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Sequencing your list of activities


We are working through a series of weekly thoughts based around change and around “getting things done” in order to support this change. We are calling this Big skies, Big vision and this is week 6: “Sequencing your list of activities”

If you have been following the series, you will now have your vision. You have also broken this vision down into more manageable categories in which to place your activities and for each of these categories you have an exhaustive list of activities. You have also now reduced this exhaustive list down in size to the essential “must haves”.

Now we need to get this into a sequence and from there we then have all we need to build the plan – the details of which we will cover next week.

For now, I’m assuming that there is only you doing the “doing” and therefore the activities will be broadly linear. There will be elements you can do simultaneously where activities are paused for any reason – waiting for others, waiting for budget, requires a specific time etc – but I’m assuming, like most of us, you only have the capability to do one thing at a time.

You can do this electronically, but I would suggest a large blank wall and a large roll of paper, a few books of post-its and pens. For reasons that will become apparent when we discuss planning next week the roll of paper works best here.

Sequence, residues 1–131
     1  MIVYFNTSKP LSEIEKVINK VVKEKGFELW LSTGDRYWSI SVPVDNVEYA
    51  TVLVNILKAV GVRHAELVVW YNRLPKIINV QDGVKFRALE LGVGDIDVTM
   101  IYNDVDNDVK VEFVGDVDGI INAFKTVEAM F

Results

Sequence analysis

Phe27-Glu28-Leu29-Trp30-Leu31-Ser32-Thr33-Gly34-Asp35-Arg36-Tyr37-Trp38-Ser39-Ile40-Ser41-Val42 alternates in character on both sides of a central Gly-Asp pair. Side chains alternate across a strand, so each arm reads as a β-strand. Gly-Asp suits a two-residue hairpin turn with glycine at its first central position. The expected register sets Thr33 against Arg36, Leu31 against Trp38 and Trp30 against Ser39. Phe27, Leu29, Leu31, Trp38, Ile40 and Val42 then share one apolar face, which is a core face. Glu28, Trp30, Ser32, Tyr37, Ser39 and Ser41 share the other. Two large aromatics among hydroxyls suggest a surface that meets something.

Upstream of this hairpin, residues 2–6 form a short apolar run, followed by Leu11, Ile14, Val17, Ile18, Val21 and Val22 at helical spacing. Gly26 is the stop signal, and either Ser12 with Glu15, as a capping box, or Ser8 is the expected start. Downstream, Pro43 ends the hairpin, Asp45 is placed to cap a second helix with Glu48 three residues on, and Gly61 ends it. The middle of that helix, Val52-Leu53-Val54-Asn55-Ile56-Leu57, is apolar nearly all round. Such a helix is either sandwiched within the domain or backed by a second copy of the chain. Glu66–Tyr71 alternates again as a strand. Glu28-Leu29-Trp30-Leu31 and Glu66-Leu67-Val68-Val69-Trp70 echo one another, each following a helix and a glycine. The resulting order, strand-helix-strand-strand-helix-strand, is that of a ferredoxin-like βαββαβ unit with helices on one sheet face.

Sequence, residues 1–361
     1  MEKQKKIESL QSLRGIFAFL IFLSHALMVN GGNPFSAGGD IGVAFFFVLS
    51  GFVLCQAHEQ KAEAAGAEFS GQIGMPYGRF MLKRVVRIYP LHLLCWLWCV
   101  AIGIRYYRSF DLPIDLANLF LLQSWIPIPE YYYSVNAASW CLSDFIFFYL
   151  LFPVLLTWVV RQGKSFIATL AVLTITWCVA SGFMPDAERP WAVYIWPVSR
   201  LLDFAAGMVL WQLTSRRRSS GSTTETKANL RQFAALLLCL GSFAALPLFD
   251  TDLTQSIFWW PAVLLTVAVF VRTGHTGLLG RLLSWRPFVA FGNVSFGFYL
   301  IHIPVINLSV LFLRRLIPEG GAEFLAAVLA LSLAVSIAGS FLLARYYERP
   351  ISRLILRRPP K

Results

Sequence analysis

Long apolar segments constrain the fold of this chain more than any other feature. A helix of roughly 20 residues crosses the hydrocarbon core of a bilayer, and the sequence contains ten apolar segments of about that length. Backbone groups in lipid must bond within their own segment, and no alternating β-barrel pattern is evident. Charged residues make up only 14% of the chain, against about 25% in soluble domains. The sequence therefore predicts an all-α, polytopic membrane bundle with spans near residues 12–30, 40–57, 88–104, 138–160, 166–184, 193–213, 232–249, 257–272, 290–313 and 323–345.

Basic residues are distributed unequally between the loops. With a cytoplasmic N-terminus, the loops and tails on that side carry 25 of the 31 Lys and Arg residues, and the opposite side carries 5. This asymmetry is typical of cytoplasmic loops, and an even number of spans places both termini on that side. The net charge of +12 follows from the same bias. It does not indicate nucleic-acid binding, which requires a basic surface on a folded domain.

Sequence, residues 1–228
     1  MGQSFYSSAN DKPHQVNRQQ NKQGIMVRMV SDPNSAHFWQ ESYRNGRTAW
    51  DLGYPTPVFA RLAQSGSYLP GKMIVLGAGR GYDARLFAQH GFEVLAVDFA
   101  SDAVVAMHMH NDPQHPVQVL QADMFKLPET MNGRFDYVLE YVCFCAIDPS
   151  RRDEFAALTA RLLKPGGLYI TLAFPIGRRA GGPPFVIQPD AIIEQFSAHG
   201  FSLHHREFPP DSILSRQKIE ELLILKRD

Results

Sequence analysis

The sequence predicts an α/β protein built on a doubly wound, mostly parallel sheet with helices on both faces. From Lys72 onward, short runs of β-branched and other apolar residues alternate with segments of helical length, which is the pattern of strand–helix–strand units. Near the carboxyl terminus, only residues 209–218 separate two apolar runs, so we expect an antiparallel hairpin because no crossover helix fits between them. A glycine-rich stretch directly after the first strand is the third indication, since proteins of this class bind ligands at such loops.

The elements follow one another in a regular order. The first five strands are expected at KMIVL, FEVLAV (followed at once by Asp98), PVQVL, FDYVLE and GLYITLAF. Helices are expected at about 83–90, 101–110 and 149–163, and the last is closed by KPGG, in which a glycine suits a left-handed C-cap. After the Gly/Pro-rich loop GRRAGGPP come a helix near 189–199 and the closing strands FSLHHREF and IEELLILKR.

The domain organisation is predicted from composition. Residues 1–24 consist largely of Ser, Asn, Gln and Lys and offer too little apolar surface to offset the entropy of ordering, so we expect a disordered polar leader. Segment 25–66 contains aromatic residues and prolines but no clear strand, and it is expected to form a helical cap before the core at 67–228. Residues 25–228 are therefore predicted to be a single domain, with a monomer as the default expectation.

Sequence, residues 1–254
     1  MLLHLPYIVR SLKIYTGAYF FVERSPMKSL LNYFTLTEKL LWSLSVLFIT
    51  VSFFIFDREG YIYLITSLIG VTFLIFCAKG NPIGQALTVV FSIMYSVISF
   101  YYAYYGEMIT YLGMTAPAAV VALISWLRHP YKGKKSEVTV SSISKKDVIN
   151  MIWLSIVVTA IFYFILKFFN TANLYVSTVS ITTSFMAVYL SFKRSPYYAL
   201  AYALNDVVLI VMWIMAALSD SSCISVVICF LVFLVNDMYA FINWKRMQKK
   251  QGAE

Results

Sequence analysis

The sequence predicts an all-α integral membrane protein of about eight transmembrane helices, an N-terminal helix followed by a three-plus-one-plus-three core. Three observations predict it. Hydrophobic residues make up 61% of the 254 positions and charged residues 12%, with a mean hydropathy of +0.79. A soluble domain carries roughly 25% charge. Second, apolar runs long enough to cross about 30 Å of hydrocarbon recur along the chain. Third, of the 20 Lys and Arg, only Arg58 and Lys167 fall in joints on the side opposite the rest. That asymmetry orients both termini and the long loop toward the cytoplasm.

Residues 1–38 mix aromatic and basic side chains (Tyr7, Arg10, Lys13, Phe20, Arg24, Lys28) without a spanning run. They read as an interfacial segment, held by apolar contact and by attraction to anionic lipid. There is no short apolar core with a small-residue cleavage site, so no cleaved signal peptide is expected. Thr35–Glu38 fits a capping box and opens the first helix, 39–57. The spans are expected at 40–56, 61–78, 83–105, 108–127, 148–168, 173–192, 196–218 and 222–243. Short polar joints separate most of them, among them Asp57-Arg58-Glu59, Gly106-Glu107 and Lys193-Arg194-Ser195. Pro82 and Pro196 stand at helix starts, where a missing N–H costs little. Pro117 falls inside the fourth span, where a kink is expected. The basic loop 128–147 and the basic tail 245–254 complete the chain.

Write all your prioritised actions down each on a separate post-its. Blue tack your roll to the wall and ensure enough space both left to right and top to bottom for all your actions.

Now start to stick your actions on the sheet left to right. While you are doing this consider the following questions and this will help influence where each action comes in the sequence:

  • Is this something you must do now?

  • Is this something which is a higher priorty than most of the others?

  • Is there a specific date by which this action needs to be complete? Is that early or later?

  • Is the action going to need time once started?

  • Is the action going to need input or help from others and at what point are they likely to be available?

  • Is this an action which can wait a while?

  • Is this an action which is not key to your vision? You should have already parked these in the prioritisation but it doesn’t harm to check

  • Does your action depend on another? If so, it needs to come after this dependency, and it might be useful to highlight this on the paper. Arrows come in useful here

  • Are there any actions you can do broadly in parallel? If so then line these up vertically

As you go through this exercise it will become obvious very quickly why post-its are a useful tool. Your sequence will change. And changes to each action will almost certainly require changes elsewhere which then require changes elsewhere. And so on and so forth.

Keep going until all post-its are on the board and you have a line from left to right. Now walk away. Give yourself time away from the sheet and then come back and review. If you see a need for change then make the changes. Repeat this until you are happy you have the sequence but don’t repeat ad nauseum. Once you have your plan it will evolve and change. But this will give you a very solid foundation.

You now have a sequenced set of prioritised actions which you know will build your categories and deliver your vision. We have now almost built your plan. What remains is to determine when each of these activities will take place and a way to manage the plan. We will deal with that next week.

Good luck with this and see you next week. In the meantime, and as ever if you have questions please drop us a line.

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